Big Brazilian web merchant Netshoes.com grew web sales 16% in 2014, but a push is on to diversify its product mix, break even and then become profitable.

The once red hot Brazilian economy is cooling and the days of posting annual gains in e-commerce of more than 100% are past, but Netshoes.com sees a solid path to future growth and eventually profitability by diversifying its product mix and launching new shopping categories, says corporate development and investor relations director Glauco Desidério.

Instead of merely paying attention to web sales growth, Netshoes is working to become profitable—and build on its base as one of the Brazil’s biggest and most established web merchants. “Now we look to grow in a sustainable way,” Desidério says. In 2014, Netshoes, No. 5 in the 2014 Internet Retailer Latin America 500, grew web sales about 15.5% to $687.4 million from $595.2 million. And while Netshoes, a sporting goods e-retailer selling online in Argentina, Brazil and Mexico since 2000, isn’t profitable, it is working to get there soon, Desidério says.

After losing about $30.2 million in 2014 and $23.2 million in 2013, Netshoes expects to break even in 2015 by its count as measured by earnings before interest, taxes, depreciation and amortization, or EBITDA. The aim is to eventually become profitable, though the company has yet to set a definitive date, Desidério says. Netshoes presently is growing slightly less than the growth of overall e-commerce in Brazil, which web and e-commerce consulting firm says grew 24.3% to $11.55 billion in 2014 from $9.29 billion in 2013. But over the last five years Netshoes has grown at a compound annual growth rate of nearly 30% and sees future growth coming from its efforts to diversify.

Netshoes likes to stay ahead of emerging e-commerce trends in Brazil, Desidério says. For example Netshoes in 2012 developed a mobile commerce site for Brazil, a country where 70.4%—141 million—of the population of 200.4 million uses a smartphone, says e-commerce research firm eMarketer. In 2014 mobile represented about 20%, or about $137.5 million, of all e-commerce sales, the company says. That’s double the percentage of mobile as a piece of web sales in 2013 when mobile accounted for 10%, or $59.5 million. That represents 131% growth in mobile sales for Netshoes in 2014 over 2013.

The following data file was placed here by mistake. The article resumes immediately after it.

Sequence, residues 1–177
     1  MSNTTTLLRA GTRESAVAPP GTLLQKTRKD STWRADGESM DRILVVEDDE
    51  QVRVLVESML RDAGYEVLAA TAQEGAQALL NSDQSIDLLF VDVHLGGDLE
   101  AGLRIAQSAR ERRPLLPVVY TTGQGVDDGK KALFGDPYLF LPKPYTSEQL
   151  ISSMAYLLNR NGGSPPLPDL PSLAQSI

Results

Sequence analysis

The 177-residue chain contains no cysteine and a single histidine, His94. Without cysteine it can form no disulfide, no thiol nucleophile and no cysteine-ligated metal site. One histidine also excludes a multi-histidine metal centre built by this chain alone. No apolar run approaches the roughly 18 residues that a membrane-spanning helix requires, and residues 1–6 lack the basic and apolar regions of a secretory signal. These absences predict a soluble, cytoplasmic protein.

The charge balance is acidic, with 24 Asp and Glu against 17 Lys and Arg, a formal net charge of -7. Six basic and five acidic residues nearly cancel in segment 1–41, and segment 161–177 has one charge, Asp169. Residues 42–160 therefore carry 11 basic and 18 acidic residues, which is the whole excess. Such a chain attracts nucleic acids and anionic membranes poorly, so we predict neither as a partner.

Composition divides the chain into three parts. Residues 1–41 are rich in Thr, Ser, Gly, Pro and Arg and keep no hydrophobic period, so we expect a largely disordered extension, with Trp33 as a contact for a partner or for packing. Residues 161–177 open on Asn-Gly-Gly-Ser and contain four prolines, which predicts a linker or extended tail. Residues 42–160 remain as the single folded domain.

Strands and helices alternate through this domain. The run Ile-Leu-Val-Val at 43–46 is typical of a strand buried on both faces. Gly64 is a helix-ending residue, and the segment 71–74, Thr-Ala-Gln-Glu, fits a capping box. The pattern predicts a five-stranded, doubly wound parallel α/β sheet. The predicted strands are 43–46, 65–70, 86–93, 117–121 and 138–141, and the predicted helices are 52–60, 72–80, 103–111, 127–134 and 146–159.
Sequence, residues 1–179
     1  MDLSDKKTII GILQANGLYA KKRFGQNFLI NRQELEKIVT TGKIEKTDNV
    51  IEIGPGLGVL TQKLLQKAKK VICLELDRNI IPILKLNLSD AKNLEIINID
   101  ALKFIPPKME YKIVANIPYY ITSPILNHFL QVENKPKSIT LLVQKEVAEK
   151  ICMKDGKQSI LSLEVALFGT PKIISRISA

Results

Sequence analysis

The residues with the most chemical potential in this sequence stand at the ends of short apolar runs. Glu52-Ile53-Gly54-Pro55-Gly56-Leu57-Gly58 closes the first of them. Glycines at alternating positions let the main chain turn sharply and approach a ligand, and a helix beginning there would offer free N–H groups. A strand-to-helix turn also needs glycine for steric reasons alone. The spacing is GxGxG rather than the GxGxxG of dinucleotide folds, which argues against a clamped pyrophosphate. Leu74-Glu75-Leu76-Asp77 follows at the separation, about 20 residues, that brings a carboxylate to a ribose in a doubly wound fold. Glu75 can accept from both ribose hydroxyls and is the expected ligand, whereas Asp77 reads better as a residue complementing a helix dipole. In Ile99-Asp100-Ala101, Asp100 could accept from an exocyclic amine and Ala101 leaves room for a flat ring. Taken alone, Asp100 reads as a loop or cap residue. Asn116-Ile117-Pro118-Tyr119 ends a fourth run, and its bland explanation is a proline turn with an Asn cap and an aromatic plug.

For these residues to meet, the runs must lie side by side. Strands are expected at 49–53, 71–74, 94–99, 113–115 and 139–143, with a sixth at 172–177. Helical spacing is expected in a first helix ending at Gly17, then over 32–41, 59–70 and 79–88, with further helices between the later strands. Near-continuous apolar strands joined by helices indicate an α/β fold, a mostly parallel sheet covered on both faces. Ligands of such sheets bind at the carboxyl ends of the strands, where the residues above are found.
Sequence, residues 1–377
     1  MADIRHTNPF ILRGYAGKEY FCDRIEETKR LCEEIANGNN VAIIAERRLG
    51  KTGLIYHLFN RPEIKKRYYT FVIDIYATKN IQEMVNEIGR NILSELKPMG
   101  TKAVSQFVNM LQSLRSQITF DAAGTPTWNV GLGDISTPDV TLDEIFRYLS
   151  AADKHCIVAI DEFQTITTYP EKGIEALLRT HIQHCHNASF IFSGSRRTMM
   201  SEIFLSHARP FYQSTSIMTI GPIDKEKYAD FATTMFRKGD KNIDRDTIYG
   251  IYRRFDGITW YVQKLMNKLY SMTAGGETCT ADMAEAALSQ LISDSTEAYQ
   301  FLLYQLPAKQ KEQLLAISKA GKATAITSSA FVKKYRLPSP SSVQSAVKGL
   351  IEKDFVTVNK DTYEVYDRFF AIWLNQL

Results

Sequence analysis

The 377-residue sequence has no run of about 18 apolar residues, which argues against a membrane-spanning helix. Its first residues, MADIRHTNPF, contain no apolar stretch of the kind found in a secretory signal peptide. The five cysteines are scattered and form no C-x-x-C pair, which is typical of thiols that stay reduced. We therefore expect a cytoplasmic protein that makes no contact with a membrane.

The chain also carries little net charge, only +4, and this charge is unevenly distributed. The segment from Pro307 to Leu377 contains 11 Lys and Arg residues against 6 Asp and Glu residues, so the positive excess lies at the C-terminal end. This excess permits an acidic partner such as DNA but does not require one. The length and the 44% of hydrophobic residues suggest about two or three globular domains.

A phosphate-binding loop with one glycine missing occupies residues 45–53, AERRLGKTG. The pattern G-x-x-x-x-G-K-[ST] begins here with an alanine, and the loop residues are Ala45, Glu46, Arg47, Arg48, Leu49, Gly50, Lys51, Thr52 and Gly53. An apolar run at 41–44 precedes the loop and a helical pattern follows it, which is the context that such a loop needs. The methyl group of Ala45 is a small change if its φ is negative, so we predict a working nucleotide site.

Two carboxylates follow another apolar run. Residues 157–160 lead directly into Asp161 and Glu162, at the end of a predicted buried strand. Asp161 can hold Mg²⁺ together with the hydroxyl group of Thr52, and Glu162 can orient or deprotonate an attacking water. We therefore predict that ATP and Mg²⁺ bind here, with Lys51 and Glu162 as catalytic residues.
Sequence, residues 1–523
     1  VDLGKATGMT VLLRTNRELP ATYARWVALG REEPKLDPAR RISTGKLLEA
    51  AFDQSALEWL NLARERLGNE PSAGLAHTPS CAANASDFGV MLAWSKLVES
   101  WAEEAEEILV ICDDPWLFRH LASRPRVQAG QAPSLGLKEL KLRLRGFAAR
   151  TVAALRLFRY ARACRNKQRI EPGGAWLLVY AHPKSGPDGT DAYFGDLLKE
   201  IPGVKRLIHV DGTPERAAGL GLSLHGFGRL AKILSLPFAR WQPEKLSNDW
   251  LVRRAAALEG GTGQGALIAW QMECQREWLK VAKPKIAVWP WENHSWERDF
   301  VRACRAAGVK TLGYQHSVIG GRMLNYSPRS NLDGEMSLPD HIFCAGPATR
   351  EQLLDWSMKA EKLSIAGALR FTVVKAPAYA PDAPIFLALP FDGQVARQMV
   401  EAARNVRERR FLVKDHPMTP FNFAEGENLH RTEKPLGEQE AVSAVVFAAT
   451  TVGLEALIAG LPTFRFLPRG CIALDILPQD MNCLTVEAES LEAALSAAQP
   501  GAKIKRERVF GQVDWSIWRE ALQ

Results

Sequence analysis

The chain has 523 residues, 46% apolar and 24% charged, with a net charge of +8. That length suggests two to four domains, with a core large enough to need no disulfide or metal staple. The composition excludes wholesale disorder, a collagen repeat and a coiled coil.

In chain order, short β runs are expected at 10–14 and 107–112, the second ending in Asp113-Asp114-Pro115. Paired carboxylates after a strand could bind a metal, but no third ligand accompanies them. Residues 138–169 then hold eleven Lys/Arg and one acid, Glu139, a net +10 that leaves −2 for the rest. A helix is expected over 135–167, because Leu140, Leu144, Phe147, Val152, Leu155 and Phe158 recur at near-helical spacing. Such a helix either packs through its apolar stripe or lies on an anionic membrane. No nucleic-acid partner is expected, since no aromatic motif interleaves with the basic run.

Netshoes continues to develop mobile commerce—the company’s mobile app for iPhones, iPads and Android devices has now been downloaded more than 1 million times. At the same time it is introducing new merchandise under its own brands. In the fall Netshoes, which carries about 40,000 SKUs in its online inventory, launched its first line of private-label merchandise called “Go New.”

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The new private-label series includes a variety of products, ranging from bikes and exercise equipment to shoes, apparel and accessories. Another new company-branded line is called “All4One,” a line of wearable devices such as web-enabled wrist bands that track metrics such as calories burned and number of steps walked or run.

Today private-label products only account for about 4% of total inventory, but NetShoes expects that could increase to up to 15% in two or three years. Netshoes’ private-label brands are aimed at budget-minded Brazilian web shoppers that want alternatives to higher-priced branded products. “Private-label products also can sell at a higher margin than third-party products,” Desidério says.

The Brazilian economy is cooling—growth was essentially flat in 2014 compared to 2010 when Brazil’s gross domestic product—the value of all goods and services produced—grew by nearly 8%, according to the Brazilian central bank.

But there is an established middle class that, while cautious in their discretionary spending, still like shopping online for quality goods with affordable prices, Desidério says.

Netshoes sees big mass merchants such as B2W Digital and Wal-Mart Latin America spending heavily to grow across numerous categories in Brazil. In 2014, B2W, No. 1 in the Latin America 500, grew web sales 30.6% to $2.99 billion. Wal-Mart Latin America (No. 4) does not disclose its online sales in Brazil, but Internet Retailer estimates the big U.S. retailer increased its web sales in Brazil 67% in 2013 to $640.5 million.

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Netshoes plans to build on its base of loyal shoppers and offer them a more diverse selection of affordable merchandise based on their past, current or predicted purchasing behavior. Another way Netshoes is diversifying is with the launch last December of Zattini.com, an online apparel and accessories site. Zattini.com carries more than sports clothing, including more than 12,000 products from 70 brands such as Calvin Klein, Colcci, Levis, Diesel, Lacoste, Dumond, Jorge and Bischoff. The apparel site was Netshoes’ latest foray into launching more e-commerce sites outside of its primary market of sporting goods. Zattini.com is aimed at Netshoe’s core shopper and leverages its existing technology, fulfillment and delivery infrastructure, Desidério says. “We will build a profitable and sustainable future because we can leverage our very established base of operations and because we know who our customers are,” he says.

 

 

 

 

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